Extreme Networks in early February announced a line of mobile Ethernet backhaul routers designed to enable mobile network operators to make the transition to 4G while also continuing to see returns on their investments in 2G and 3G.
According to Extreme officials, the routers were aimed at addressing the rapid growth in the number of mobile devices in use and the mobile multimedia traffic running through networks, as well as helping the network operators improve performance and scale their networks.
It also was an illustration of Extreme's growing focus on the mobile Internet, a strategy that company executives are talking about this week at the Enterprise Connect 2011 show, in Orlando, Fla., where officials also will be showing off their mobile-networking products.
The way Oscar Rodriguez sees it, the world is going mobile, a trend that will simply increase the pressure on the IT infrastructure, in general, and on networks, in particular. That means the network will have to become more streamlined-collapsing into a single layer-and more intelligent, Rodriguez, Extreme's president and CEO, said in an interview with eWEEK.
It also means redefining what people are saying when they talk about mobility, he said.
"Mobility is not about wireless," Rodriguez said. "It's about enabling mobility. Mobility is about my expectations when I'm moving around, not just about wireless."
Consumers and business users have increasingly high expectations about what their mobile experience will be, he said. They want to be able to access the data they need from any place and on any device, they want their connections to be consistent and fast, and they want this in a secure environment.
Like rivals such as Cisco Systems and Juniper Networks, Extreme offers a host of networking products designed to help enterprises and network operators meet the shifting demand for mobile computing. Rodriguez said that, going forward, Ethernet will continue to be a key to meeting those demands.
For Extreme, a major differentiator is its modular operating system, ExtremeXOS, which is consistent across the company's networking portfolio. Among the major networking vendors, only Extreme and Juniper-with Junos-offer their own operating systems, which give their portfolios a level of consistency that other rivals lack, Rodriguez said.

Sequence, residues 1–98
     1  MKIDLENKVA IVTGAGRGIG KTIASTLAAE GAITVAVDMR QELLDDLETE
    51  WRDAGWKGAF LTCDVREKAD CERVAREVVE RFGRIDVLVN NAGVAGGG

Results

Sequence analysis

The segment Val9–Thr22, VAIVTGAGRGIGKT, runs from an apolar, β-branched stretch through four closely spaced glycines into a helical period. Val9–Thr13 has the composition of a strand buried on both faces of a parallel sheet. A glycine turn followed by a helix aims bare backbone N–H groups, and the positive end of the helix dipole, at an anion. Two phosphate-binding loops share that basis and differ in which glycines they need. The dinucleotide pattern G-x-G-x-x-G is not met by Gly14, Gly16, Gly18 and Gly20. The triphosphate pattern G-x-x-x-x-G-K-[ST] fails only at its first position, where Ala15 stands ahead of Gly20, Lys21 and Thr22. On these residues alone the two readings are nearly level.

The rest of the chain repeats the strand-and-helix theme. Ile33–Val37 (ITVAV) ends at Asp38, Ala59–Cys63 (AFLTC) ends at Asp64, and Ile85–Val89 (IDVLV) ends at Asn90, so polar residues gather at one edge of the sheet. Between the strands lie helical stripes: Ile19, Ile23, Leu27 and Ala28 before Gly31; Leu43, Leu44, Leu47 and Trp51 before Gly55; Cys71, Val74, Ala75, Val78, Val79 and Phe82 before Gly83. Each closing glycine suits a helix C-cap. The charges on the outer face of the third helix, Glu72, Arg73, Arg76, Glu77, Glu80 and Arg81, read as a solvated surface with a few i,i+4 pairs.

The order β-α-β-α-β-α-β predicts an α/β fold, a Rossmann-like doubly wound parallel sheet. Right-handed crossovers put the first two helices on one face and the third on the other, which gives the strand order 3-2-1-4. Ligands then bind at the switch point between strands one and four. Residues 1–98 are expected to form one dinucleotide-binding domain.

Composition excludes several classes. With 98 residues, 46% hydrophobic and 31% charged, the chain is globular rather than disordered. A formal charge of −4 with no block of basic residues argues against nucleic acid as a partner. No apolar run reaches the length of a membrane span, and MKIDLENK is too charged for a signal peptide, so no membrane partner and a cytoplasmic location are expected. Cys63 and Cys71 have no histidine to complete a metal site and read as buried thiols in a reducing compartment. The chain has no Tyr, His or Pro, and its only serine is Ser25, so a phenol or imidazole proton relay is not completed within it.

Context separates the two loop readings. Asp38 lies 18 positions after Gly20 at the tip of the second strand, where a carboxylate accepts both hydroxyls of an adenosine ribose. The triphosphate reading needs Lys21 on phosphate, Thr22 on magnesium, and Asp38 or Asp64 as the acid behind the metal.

Through ExtremeXOS and its open APIs, the company can offer customization, security, personalization and automation that others can't-all things that increasingly will be in demand as mobile computing continues to grow, he said.
"Hardware is the vehicle, but applications and the OS, and intelligence in the software, will be the key difference," he said.
Via ExtremeXOS, Extreme offers a better user experience through the APIs for greater network customization based on XML; security through such features as Identity Manager to ensure that proper policies and controls are in place; automation through a suite of ExtremeXOS-based tools that can dynamically manage connected devices, power usage and network security; and virtualization management through XNV, which enables the network to track virtual machines as they move around the data center and ensure that that setting moves with them.
All this will be important as data centers and networking infrastructures move through the various phases that will be associated with dealing with the new mobile world, Rodriguez said. The transition will move from the convergence of wired and wireless at the enterprise edge-which includes increased awareness of individual users and virtual machines-to adding more intelligences and control into the network to create a more seamless user experience from the network into the cloud and into 3G and 4G mobile infrastructures.
For Extreme, the thrust will be around continuing to push high-performance Ethernet into its hardware, and to increase the intelligence in its operating system. The company also will focus on specific verticals, such as campuses and cloud services, as it looks to compete with its larger rivals.
"As a smaller company, we can't be horizontal," said Rodriguez, who joined the company in August 2010. "We've been horizontal for too many years. It's why we want to focus on specific customer problems. . . . By focusing on these verticals, we will get very good at [addressing their concerns]."
The challenge for Extreme is also changing the way the industry looks at it, he said.
"We need to change the perception that Ethernet is just Ethernet, and that Extreme is just an Ethernet vendor," Rodriguez said. "We are much more than that, and Ethernet is. . .important for communications today."
While sharpening Extreme's focus on the mobile world, the CEO also is looking to make the company leaner and more efficient, including by cutting $2 million in expenses through such moves as reducing the workforce by 5 percent, or by about 35 employees. In the last fiscal quarter, Extreme saw revenues of $85.1 million, a jump of more than $5 million from the same period a year earlier.